Sujata Gupta is the social sciences writer for Science News. She was a 2017-18 Knight Science Journalism fellow at MIT. Her work has appeared in The New Yorker, Nature, Discover, NPR, Scientific American, and others. Sujata got her start in journalism at a daily newspaper in Central New York, where she covered education and small town politics. She has also worked as a National Park Ranger, completing stints at parks in Hawaii, California and Maine, and taught English in Nagano, Japan.

All Stories by Sujata Gupta

  1. two people washing their hands under a kitchen faucet

    Small bribes may help people build healthy handwashing habits

    Getting people to wash their hands is notoriously difficult. Doling out nice soap dispensers and rewards helps people develop the habit.

  2. Lego staircase

    People add by default even when subtraction makes more sense

    People default to addition when solving puzzles and problems, even when subtraction works better. That could underlie some modern-day excesses.

  3. parent working on a computer while child makes a funny face in the background
    Science & Society

    Parents in Western countries report the highest levels of burnout

    The first survey comparing parental exhaustion across 42 countries links it to a culture of self-reliance.

  4. black and white people playing in the street
    Science & Society

    How perceptions of diversity vary by race and political views

    Black, Latino and Asian people tend to see U.S. neighborhoods as more diverse when their group is in the majority, a new study finds.

  5. person getting vaccinated at mass vaccination site
    Health & Medicine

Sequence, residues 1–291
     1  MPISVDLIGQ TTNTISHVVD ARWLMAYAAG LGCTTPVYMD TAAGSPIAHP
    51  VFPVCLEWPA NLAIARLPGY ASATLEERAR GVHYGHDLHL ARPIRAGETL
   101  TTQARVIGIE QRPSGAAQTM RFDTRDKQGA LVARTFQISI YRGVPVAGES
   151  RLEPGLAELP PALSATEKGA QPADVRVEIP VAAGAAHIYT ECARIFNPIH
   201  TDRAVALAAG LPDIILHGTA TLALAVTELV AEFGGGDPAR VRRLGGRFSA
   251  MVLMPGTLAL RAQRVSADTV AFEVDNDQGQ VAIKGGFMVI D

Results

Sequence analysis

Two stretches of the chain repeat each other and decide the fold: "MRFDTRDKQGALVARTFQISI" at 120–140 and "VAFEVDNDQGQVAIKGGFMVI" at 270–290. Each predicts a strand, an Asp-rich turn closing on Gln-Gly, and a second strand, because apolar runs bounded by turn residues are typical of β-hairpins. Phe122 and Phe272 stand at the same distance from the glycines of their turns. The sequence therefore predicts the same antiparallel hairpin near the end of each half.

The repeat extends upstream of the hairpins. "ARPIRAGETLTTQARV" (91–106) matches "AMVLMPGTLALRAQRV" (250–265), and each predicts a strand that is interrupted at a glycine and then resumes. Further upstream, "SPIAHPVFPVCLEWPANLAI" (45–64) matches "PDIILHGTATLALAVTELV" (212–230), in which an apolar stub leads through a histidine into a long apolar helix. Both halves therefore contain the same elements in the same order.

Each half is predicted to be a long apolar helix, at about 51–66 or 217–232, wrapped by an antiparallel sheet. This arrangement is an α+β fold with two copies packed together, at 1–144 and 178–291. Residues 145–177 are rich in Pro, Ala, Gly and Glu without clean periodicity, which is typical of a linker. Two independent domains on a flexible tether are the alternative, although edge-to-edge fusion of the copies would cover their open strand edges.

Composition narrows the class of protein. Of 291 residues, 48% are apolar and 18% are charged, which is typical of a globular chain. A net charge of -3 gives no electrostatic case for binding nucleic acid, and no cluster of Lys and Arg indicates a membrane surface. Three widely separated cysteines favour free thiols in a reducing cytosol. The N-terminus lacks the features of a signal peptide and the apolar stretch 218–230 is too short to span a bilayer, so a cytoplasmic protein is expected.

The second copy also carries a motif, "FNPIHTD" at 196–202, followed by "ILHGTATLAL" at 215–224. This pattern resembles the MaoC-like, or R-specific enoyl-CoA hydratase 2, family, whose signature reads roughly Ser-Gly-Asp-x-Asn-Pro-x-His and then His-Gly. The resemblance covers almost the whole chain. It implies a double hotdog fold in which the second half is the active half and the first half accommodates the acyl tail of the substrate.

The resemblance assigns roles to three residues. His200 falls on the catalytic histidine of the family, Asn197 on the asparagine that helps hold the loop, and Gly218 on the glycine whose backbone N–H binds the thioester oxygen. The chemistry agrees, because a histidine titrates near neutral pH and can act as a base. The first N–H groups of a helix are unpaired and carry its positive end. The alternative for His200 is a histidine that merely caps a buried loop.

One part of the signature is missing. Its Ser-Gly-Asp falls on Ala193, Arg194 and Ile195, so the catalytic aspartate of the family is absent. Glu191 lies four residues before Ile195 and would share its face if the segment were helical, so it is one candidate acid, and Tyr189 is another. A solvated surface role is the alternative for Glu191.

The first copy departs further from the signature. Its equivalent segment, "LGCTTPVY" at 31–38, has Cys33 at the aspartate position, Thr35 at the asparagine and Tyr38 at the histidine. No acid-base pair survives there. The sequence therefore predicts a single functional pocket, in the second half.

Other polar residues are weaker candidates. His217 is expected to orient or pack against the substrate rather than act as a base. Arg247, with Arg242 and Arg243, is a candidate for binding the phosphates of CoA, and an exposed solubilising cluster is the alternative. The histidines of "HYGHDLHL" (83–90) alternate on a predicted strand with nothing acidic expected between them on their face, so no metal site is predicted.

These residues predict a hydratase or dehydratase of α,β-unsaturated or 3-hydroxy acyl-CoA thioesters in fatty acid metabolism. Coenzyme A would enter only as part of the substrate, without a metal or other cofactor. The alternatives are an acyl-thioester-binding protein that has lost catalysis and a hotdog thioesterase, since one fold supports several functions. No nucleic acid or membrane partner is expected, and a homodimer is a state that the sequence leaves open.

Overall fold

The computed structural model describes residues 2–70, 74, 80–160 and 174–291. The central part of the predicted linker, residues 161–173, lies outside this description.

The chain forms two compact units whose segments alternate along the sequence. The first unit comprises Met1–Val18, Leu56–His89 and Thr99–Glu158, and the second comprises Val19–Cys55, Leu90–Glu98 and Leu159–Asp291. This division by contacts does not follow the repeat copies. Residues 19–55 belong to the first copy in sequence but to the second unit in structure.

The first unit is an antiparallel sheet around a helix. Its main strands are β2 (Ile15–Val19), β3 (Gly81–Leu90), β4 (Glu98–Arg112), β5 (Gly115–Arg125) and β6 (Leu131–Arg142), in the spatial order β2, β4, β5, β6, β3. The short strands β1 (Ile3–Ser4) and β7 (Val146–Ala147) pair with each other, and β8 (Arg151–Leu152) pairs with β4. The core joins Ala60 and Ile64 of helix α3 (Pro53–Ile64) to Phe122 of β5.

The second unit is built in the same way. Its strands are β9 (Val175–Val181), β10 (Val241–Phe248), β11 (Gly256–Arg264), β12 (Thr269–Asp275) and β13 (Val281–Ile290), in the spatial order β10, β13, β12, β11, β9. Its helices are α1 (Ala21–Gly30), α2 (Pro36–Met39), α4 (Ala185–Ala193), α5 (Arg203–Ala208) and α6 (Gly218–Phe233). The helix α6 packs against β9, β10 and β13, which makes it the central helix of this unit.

The COVID-19 pandemic is now a year old. What have scientists learned?

    As we enter the pandemic’s second year, researchers share what they’ve learned and what they look forward to.

  6. a little Black girl getting a peach-tented bandaid from a nurse
    Health & Medicine

    Redefining ‘flesh-colored’ bandages makes medicine more inclusive

    Peach-colored bandages label dark-skinned patients as outside the norm, says med student Linda Oyesiku. Brown bandages expand who gets to be normal.

  7. woman looking bored at a laptop

    In the social distancing era, boredom may pose a public health threat

    Boredom contributes to pandemic fatigue and may account for why some people don’t follow social distancing rules.

  8. masked student looking at a computer

    The COVID-19 pandemic made U.S. college students’ mental health even worse

    College students struggled with mental health problems before the pandemic. Now, some vulnerable students are even more at risk.

  9. Students in a classroom
    Science & Society

    How schools can reduce excessive discipline of Black students

    Black middle and high school students miss four times as much school as white children due to suspensions. What can be done to shrink the gap?

  10. bike messenger in front of a boarded up Louis Vuitton store
    Science & Society

    A COVID-19 time capsule captures pandemic moments for future researchers

    Social scientists chose photos, charts and even a tweet to help future researchers understand the pandemic.

  11. Members of Indigenous Bolivian group Tsimane

    Bolivia’s Tsimane people’s average body temperature fell half a degree in 16 years

    A new study echoes other research suggesting that people’s average body temperature is lower today than it used to be.

  12. Court room
    Science & Society

    Easy interventions like revamping forms help people show up to court

    A new study shows that simple behavioral interventions called nudges can help people avoid a missed court appearance and resulting arrest warrant.